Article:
Raiders fall to 0-3 after loss at Tri-City

A Raider roster thinned by injuries took an early 6-0 lead and hung with Tri-City United through the first half, but for the second consecutive game gave up big points in the second half en route to a 34-6 road loss on Friday, Sept. 14.

The Raiders are now 0-3 on the season, 0-2 in the Minnesota River Conference with losses to LeSueur-Henderson and Tri-City.

At Tri-City, Central scored first on a 21-yard pass from quarterback Isaac Hormann to tight end Luke Marschall in the first quarter, but the point-after kick failed. After a Central fumble gave the Titans a short field in the second quarter, Tri-City scored on a two-yard run and added the extra point to take a one-point lead into the intermission.

“We had a really close, good football game going for those first two quarters. And then some of the same stuff that has come up to bite us in the past came up again, between kids getting hurt and a couple of turnovers at the wrong times,” said Raiders head coach Paul Henn.

Sophomore running back Noah Peterson, Central’s go-to ball carrier so far this season, went down with an injury. Peterson’s absence, along with the prolonged absence of Ryan Sullivan due to a preseason injury, deprived the offense of its top two running backs.

“Our two tailbacks being out limits what we can do offensively and what we can do formation-wise. It’s been a choppy year for that,” said Henn. “We just struggled to find ways to move the football. When you’re trying to make plays down the field, that’s not always the most high-percentage way to go about moving the football and you’re either going to make some plays and stay close or give up some field position and put yourself in a few bad spots. That’s sort of what happened for us.”

The Titans took control in the third quarter, scoring 20 points on three touchdowns (a five-yard pass, six-yard run and an eight-yard pass). They added a final touchdown on an 11-yard pass in the fourth quarter to cap the scoring.

Despite the lopsided final numbers, the overall team statistics did not indicate a particularly one-sided contest. Central was not far behind the Titans in total yardage (199 yards to 254), and actually ran more offensive plays than Tri-City (57 for Central and 56 for the Titans). The Raiders did turn the ball over three times (two interceptions, one fumble), however, while only picking up one Tri-City fumble in return.

The Raiders ran for 120 yards on the ground and passed for 79 yards, compared to 174 rushing yards and 80 passing yards for the Titans.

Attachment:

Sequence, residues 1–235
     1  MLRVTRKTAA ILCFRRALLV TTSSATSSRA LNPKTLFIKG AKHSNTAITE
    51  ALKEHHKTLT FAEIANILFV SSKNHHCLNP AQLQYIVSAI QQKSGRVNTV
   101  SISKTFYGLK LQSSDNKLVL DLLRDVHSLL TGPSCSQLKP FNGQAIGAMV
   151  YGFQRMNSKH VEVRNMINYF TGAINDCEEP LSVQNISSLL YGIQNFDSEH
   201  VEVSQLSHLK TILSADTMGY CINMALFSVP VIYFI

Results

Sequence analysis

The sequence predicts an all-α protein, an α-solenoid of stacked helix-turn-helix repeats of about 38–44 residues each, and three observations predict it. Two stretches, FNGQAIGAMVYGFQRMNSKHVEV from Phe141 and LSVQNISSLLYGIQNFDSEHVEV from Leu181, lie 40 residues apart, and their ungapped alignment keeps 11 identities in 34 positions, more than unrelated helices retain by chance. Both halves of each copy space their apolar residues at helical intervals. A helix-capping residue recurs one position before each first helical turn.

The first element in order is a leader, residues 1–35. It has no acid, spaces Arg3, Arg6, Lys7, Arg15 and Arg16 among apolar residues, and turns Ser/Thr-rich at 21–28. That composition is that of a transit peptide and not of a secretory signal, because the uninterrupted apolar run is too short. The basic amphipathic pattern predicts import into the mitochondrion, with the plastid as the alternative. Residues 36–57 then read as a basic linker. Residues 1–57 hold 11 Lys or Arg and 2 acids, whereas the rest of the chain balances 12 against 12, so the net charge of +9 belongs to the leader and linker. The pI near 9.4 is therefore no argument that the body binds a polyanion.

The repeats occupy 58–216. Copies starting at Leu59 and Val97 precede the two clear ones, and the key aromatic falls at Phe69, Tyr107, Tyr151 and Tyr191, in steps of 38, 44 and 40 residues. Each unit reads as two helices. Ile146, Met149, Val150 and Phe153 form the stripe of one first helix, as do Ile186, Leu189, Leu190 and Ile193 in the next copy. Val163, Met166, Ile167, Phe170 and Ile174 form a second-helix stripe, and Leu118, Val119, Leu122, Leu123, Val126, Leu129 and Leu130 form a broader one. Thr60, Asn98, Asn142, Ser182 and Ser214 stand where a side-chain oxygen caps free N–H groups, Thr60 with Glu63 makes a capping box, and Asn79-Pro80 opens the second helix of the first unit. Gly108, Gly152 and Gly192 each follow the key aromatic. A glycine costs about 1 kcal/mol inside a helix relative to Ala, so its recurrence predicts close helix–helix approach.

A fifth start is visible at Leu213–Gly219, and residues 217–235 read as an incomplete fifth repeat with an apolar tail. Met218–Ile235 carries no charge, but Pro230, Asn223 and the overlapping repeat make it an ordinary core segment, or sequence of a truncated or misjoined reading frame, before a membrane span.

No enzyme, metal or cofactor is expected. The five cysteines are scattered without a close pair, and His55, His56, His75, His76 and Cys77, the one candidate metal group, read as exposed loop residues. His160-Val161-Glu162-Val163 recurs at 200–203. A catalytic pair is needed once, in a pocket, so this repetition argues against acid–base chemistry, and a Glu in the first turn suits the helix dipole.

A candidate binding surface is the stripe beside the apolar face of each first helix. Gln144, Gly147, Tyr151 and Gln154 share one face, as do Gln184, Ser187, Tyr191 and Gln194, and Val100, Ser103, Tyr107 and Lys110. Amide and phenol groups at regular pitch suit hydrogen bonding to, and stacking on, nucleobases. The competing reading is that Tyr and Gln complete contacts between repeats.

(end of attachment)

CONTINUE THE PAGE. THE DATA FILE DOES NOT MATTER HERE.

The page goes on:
Mike Mullen was Central’s leading rusher with 55 yards on 13 carries, while Jeff Worm ran 11 times for 32 yards and Peterson had five carries for 20 yards. Hormann was 7-16 passing for 71 yards, and backup quarterback Brice Panning went 1-2 for eight yards during the game.

Tom Messner was Central’s leading receiver with 37 yards on two catches, and Marschall added 29 yards on two catches. Casey Clemensen also caught two passes for nine yards.

While Henn was able to get a number of second-string players into the game for some varsity seasoning, he said that was both a good and bad thing.

“We’re kind of at the point in the year where we like to get some kids reps just to give some kids breaks, but you also need your playmakers. Each team only has a handful of big playmakers, and Noah was obviously a kid who filled that spot for our first couple of weeks,” he said. “Without him there to do that we lose some of that explosiveness and some of the threats and match-ups that he can create not only for himself but for other kids. It just makes it hard to move the ball.”

While the 0-3 start to the season is disappointing, Henn said Raider fans have probably not seen the team playing at its full potential yet.

“We’re not really sure where we’re at because we haven’t had full squads playing full games. So hopefully that will happen here soon and we can see where we really stack up,” he said. “We haven’t had a full group since Day One. I’ve got to believe that once we get that full group in there we’ll start to see who we have. Hopefully that happens at a point in there year where we can still come together and gel.”

Injuries aside, Henn praised the play of the defense through the first half, specifically that of Mitch Huepenbecker on the line and linebackers Mullen and Nicholas Schwendeman.

“Defensively in the first half we played as well as we have all year. I thought some key kids that we’ve been waiting to see step up and play the way we knew they could all year really did that. I was pretty happy to see that,” he said.

“I thought Mitch Huepenbecker had his best game of the year. He really stood out in my mind a little bit. And [Mullen] and [Schwendeman] also had their best games, played really hard and were able to shut down some of the things TCU did best. That’s a credit to them. They’re continuing to learn and get better, and hopefully we can all continue to do that and see where we’re at when we all get healthy.”

Other encouraging signs were that the Raiders did not commit a penalty in the game and played hard until the clock ran out.

“They never quit. In a game like that that gets away from you a little bit, it was good to see the guys playing every down hard up until the last snap,” said Henn.

The Raiders return home to take on Jordan this week, and the game might be Central’s best shot to pick up a win during what remains of the conference season. The Hubmen are also 0-3, have given up at least 41 points in each game, and lost 56-7 to Sibley East last week.

“It’s going to be a tough week out for us every week. We hope we can get some of these kids back to 100 percent soon, and if we don’t we’ll just have to find guys to fill in and get it done,” said Henn.

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